Strength Training – 1 Top Set Or Several Sets At The Same Weight?
By Andy Bolton
People often ask me whether they should do 1 top set
or several sets at the same weight.
My answer goes something like this…
Most of the time just do 1 top set.
For instance, let’s say you want to work up to a 5 rep
max (RM) on your squats. You have a goal of 315lbs
Here is how I’d warm you up for that:
bar x 5 x 2
95lbs x 5 x 2
135lbs x 5 x 2
225lbs x 5
275lbs x 3
315lbs x 5
The goal of the warm up is simply to set you up for
your top set.
Now, on cold days, you may need more warm up
sets. I favour adding more lights sets, as opposed to
increasing the reps.
On really warm days, you may need less warm ups.
For instance, in the example above, if you were
feeling really warm, you may only need to go 225lbs x 3
and 275lbs x 1, before attacking 315lbs x 5.
Do you follow what I’m saying?
Now there are two major exceptions to this rule of
Firstly, if you need to add muscle mass, you may choose
to do more sets at the same weight, or more reps on
your warm up sets.
The reason for this is because to add muscle you normally
need more volume. So adding sets and/or reps is the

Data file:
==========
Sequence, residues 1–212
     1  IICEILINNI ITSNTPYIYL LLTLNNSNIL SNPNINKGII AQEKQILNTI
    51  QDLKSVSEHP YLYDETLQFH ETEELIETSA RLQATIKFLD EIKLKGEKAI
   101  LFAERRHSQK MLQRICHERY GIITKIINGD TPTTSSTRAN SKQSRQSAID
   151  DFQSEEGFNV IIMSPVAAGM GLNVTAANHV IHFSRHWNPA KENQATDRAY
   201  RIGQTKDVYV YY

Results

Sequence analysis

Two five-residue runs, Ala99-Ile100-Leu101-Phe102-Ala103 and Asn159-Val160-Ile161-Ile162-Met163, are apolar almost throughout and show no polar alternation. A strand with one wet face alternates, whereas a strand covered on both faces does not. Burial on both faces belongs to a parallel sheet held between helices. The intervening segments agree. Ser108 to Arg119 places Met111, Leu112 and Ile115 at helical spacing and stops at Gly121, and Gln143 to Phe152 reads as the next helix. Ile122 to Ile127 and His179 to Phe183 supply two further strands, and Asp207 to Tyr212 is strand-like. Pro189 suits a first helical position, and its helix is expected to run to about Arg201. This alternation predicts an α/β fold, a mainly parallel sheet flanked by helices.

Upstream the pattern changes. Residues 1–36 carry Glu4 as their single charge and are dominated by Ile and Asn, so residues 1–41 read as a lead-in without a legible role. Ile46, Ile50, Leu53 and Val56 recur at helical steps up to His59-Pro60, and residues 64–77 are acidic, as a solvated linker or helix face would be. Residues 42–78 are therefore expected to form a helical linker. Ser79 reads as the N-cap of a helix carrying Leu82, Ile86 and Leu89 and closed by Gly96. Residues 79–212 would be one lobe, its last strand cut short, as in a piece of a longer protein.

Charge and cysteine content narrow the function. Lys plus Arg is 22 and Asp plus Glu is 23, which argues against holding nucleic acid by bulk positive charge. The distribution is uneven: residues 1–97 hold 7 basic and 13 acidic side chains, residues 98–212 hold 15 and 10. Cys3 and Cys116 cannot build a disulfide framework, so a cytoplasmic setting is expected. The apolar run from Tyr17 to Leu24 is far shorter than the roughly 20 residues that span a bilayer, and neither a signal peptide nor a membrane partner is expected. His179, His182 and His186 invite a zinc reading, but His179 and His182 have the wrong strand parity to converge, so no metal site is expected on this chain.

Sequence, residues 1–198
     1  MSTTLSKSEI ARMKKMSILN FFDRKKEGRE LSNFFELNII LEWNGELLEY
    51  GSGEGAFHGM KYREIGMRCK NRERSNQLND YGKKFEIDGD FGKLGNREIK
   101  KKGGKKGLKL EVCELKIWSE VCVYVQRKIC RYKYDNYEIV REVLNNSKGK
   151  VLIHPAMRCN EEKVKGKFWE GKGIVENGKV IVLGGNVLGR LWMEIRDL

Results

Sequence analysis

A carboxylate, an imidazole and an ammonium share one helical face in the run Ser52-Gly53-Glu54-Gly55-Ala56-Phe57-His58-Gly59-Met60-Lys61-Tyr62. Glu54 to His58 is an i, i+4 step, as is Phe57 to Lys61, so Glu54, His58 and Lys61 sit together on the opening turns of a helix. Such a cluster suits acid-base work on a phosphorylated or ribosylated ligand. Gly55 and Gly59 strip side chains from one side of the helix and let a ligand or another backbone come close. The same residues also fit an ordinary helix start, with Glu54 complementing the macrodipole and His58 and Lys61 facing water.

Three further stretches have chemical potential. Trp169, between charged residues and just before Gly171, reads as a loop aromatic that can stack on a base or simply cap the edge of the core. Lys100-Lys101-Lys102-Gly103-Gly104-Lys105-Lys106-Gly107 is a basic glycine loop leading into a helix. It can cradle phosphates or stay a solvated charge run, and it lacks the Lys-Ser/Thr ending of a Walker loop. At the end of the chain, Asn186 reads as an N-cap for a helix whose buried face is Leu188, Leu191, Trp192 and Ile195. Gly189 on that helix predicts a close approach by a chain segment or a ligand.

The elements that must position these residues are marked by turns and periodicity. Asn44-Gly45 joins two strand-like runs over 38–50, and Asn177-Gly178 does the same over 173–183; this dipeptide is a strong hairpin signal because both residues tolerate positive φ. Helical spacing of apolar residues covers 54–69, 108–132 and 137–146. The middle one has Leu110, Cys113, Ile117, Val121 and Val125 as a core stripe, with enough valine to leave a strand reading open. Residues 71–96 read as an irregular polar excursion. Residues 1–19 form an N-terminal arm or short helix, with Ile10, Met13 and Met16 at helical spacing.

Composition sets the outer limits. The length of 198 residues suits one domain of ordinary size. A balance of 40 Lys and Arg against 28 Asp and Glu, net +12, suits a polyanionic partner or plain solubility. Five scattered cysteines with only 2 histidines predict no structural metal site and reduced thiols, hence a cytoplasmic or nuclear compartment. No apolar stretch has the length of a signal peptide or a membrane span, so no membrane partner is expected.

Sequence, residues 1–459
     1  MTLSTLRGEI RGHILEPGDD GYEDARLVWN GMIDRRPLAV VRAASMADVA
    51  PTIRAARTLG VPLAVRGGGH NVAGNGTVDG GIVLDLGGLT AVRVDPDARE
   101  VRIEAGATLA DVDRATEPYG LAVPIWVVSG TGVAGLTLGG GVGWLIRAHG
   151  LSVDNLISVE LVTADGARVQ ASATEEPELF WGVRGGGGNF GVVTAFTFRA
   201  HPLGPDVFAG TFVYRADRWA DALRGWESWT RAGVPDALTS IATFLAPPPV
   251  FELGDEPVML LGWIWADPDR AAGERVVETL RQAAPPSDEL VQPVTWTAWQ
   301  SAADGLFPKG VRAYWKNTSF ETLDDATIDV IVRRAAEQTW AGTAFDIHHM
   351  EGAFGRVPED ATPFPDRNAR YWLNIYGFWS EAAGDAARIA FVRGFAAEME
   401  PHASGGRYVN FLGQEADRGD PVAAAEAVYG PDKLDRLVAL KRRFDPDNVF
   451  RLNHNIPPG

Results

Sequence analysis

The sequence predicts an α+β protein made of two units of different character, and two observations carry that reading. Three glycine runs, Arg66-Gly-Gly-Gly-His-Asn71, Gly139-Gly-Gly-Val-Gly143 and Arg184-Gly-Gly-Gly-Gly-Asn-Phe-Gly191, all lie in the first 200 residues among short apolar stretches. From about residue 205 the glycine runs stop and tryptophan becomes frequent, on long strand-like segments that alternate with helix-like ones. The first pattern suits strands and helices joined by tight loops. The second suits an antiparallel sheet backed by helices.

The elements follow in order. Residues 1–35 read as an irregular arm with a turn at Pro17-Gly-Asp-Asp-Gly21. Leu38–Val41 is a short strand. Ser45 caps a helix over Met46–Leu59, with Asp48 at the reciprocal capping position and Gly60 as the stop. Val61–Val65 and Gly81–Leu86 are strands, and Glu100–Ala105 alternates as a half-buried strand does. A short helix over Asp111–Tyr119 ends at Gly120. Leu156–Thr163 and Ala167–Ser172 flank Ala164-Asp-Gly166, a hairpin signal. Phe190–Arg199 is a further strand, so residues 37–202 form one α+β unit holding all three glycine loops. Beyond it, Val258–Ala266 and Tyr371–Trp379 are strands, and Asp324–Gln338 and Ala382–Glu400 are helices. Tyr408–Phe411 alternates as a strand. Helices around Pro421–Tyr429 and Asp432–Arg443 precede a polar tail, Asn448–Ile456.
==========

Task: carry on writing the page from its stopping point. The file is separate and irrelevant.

logical route to take.
Secondly, beginners often do well on several sets at
the same weight because they do not have the
technique dialed in enough to safely go for heavy 5 and
3 rep maxes.
So for your heavy squat, bench press and deadlift training,
stick to one heavy set most of the time. It is how I’ve
trained for 90% of my career and my 1214lbs squat
and 1008lbs deadlift show that it works pretty dam well
To find out more about how I put up those numbers and
to see how you can plan simple and highly effective
strength training cycles that will get you STRONG and help you
to avoid injury, get yourself a copy of my training DVD.
It is the best quality training DVD on the market. Period.
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